Krugman on methodology

24 April, 2012 at 20:05 | Posted in Economics, Theory of Science & Methodology | 2 Comments

“New Keynesian” macroeconomic models are at heart based on the modeling strategy of DSGE – representative agents, rational expectations, equilibrium and all that. They do have some minor idiosyncracies (like “menu costs” and “price rigidities” preferably in a monopolistic competition setting ), but the differencies are not really that fundamental. The basic model assumptions are the same.

If macoeconomic models – no matter of what ilk – assume representative actors, rational expectations, market clearing and equilibrium, and we know that real people and markets cannot be expected to obey these assumptions, the warrants for supposing that conclusions or hypothesis of causally relevant mechanisms or regularities can be bridged, are obviously non-justifiable. Macroeconomic theorists – regardless of being “New Monetarist”, “New Classical” or ”New Keynesian” – ought to do some ontological reflection and heed Keynes’ warnings on using thought-models in economics:

The object of our analysis is, not to provide a machine, or method of blind manipulation, which will furnish an infallible answer, but to provide ourselves with an organized and orderly method of thinking out particular problems; and, after we have reached a provisional conclusion by isolating the complicating factors one by one, we then have to go back on ourselves and allow, as well as we can, for the probable interactions of the factors amongst themselves. This is the nature of economic thinking. Any other way of applying our formal principles of thought (without which, however, we shall be lost in the wood) will lead us into error.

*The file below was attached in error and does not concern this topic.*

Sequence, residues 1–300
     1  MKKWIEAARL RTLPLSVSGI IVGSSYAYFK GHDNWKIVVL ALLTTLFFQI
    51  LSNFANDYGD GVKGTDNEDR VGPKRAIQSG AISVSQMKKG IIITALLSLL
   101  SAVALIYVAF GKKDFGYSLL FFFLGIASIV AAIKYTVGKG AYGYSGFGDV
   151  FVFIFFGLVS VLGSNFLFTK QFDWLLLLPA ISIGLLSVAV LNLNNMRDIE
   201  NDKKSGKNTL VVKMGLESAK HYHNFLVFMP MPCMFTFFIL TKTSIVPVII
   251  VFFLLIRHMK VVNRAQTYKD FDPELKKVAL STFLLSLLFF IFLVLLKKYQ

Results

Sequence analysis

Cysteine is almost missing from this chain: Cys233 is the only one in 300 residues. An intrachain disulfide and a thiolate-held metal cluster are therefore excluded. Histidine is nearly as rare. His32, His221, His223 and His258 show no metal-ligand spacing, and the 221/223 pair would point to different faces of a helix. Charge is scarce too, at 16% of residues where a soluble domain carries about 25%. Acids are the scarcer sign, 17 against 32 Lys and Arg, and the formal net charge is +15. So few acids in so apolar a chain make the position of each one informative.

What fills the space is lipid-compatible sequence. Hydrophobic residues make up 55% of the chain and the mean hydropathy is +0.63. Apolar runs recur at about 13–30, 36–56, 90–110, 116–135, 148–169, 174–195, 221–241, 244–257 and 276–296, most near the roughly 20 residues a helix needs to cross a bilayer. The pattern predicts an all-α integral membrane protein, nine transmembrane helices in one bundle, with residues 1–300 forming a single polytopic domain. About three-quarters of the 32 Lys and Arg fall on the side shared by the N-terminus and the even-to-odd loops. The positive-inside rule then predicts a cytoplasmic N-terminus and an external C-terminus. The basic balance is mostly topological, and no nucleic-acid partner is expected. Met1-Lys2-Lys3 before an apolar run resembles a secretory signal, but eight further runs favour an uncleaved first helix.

People calling themselves “New Keynesians” ought to be rather embarrassed by the fact that the kind of microfounded dynamic stochastic general equilibrium models they use, cannot incorporate such a basic fact of reality as involuntary unemployment!

Of course, working with representative agent models, this should come as no surprise. If one representative agent is employed, all representative agents are. The kind of unemployment that occurs is voluntary, since it is only adjustments of the hours of work that these optimizing agents make to maximize their utility.

From a methodological and theoretical point of view Paul Krugman’s comments in the debate on microfounded macromodels is really interesting because they shed light on a kind of inconsistency in his own art of argumentation.

During a couple of years Krugman has in more than one article criticized mainstream economics for using to much (bad) mathematics and axiomatics in their model-building endeavours. But when it comes to defending his own position on various issues he usually himself ultimately falls back on the same kind of models. This shows up also in the microfoundations debate, where he refers to the work he has done with Gauti Eggertsson – work that actually, when it comes to methodology and assumptions, has a lot in common with the kind of model-building he otherwise criticizes.